Immigration reform is something that has eluded the US political system for several years, largely because of the delectate nature of the issue and the usual antics of politicians. The stance right now is that President Obama is willing to take a step forward on the issue through the use of an executive action and bypass Congress on the issue. Republicans are crying foul, saying this action would “poison the well” of the two sides working together over the next two years, but it really looks like the President is set to go at it alone on this one. Why the big fuss over immigration reform? It has to do with votes and voters in elections. Historically, the Democrats have fared better with newly immigrant voters, and the Republicans see this reform as a way for Democrats to secure a large number of new voters for their party. Democrats, however, point out that no one is forcing new immigrants to the US to vote for Democrats and that the Republicans, if they had better politics to help such people, could also pick up votes. That is about where the two sides stop talking on the issue. With those two political footballs being tossed around in DC, the financial markets have taken to a more interesting and pertinent topic, that being the end of third quarter 2014 earnings season.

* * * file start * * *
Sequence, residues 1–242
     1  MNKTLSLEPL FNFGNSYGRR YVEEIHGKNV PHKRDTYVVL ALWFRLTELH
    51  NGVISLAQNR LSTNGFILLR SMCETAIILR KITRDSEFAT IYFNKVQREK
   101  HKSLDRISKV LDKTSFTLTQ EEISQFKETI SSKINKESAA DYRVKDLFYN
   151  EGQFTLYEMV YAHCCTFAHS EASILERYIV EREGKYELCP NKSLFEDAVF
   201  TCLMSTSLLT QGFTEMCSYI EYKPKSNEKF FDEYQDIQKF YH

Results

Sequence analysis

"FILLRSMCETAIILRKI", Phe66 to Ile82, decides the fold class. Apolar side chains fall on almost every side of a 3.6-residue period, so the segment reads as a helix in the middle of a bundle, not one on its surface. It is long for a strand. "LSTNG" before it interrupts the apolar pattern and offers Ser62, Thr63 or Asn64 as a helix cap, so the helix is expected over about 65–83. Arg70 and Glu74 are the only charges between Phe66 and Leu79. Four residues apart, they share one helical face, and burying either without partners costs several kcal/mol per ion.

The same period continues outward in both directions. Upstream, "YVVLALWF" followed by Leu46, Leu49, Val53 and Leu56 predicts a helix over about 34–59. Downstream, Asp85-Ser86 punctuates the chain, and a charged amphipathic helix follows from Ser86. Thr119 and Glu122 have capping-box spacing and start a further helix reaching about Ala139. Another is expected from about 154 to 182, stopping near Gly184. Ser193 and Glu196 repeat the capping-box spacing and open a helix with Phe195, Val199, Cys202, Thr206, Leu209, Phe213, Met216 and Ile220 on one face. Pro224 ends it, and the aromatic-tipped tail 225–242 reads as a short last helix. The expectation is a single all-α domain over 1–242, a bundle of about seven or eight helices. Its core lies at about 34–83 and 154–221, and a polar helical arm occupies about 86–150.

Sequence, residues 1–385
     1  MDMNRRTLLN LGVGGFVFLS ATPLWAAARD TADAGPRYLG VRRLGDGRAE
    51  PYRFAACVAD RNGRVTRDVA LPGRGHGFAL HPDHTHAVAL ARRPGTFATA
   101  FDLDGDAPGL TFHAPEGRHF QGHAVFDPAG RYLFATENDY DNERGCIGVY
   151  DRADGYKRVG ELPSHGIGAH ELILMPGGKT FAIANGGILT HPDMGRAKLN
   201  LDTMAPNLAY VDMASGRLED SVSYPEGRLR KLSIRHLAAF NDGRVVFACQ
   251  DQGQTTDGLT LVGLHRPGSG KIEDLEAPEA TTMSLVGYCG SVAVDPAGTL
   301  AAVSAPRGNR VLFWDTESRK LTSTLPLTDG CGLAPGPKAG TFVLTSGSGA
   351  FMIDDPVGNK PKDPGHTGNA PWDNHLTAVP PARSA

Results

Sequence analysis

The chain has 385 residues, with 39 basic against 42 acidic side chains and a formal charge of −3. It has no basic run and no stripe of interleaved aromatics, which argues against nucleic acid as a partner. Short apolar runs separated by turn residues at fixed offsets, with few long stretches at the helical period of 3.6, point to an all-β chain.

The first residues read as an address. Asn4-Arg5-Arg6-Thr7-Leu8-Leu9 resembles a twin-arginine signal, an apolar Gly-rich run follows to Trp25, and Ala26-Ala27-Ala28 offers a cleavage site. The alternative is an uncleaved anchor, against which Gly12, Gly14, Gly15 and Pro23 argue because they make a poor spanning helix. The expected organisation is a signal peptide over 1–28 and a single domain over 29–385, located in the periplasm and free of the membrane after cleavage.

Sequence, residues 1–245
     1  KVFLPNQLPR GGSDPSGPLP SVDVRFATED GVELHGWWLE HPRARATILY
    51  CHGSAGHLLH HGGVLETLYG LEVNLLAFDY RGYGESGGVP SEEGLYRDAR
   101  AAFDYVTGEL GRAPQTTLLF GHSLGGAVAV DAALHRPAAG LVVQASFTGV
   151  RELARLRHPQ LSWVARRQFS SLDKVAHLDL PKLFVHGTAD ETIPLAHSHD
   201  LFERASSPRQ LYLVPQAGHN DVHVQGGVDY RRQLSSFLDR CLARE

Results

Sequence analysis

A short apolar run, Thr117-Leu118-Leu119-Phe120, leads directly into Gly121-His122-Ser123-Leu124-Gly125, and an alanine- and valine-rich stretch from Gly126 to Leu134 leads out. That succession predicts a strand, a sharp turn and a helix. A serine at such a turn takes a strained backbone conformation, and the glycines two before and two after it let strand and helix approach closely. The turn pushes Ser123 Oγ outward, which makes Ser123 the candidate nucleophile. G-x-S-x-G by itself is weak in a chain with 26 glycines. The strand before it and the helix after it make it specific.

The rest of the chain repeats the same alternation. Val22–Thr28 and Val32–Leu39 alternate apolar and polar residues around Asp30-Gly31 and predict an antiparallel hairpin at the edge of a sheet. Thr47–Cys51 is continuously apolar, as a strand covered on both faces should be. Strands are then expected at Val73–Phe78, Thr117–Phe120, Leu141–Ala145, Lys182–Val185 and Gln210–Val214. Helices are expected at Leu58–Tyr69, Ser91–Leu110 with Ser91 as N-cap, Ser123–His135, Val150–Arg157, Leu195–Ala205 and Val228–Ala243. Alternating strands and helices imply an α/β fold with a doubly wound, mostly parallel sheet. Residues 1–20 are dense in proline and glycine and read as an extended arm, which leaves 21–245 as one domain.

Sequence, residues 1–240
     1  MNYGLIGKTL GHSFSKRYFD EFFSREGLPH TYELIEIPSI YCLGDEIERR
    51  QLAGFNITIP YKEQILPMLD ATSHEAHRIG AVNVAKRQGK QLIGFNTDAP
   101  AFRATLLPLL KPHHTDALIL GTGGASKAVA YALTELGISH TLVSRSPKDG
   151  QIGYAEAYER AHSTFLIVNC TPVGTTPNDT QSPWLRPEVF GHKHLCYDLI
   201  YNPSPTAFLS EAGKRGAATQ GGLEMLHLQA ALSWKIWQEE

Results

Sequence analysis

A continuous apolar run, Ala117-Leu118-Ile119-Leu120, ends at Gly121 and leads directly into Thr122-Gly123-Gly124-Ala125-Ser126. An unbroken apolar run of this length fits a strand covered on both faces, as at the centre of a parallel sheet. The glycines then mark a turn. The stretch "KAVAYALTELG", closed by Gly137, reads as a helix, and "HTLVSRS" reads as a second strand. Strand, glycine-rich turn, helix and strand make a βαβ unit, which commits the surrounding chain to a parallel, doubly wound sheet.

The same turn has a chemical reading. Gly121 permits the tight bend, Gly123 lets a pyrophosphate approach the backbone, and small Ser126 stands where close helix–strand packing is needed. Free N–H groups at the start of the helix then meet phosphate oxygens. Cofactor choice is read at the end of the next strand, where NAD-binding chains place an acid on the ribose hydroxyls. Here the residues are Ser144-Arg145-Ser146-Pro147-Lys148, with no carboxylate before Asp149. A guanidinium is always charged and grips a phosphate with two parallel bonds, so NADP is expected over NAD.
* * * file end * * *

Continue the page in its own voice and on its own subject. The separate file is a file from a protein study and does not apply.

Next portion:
The third quarter earnings season is quickly drawing to a close as we have now seen close to 93 percent of the companies in the S&P 500 report their results. Below is a table of the better-known companies that released earnings last week and the amount by which they either exceeded or fell short of expectations. As you can see it was a pretty mixed bag of results last week. Negative earnings surprises are highlighted in red while positive surprises in excess of 10 percent are highlighted in green:

 

3D Systems -13% Energizer 17% Nordstrom 3%
ADT 12% Flowers Foods 5% Pinnacle Foods 0%
Caesars Entertainment -87% Fossil Group 8% Rayonier 35%
Cisco Systems 0% Intrawest Resorts 10% SeaWorld Entertainment -11%
D.R. Horton -8% J C Penney 7% Sotheby’s 19%
Dean Foods 77% Kohl’s -8% Transocean 25%
Dillard’s -5% Macy’s 24% Wal-Mart 3%

 

Last week’s earnings held little of interest, but we did see a wide deviation in performance among the retailers who announced with some turning in strong numbers while others looked weak. The biggest retailer of them all, Wal-Mart, saw sales increase on a quarterly basis for the first time during the last past 7 quarters. As far as retailers who had a rough quarter, Kohl’s and Dillard’s both saw sales missing expectations as foot traffic slowed in their stores. As we get closer to the holiday season the deals and gimmicks are sure to pick up as all of the retailers race to get the largest portion of the consumer pie that they can.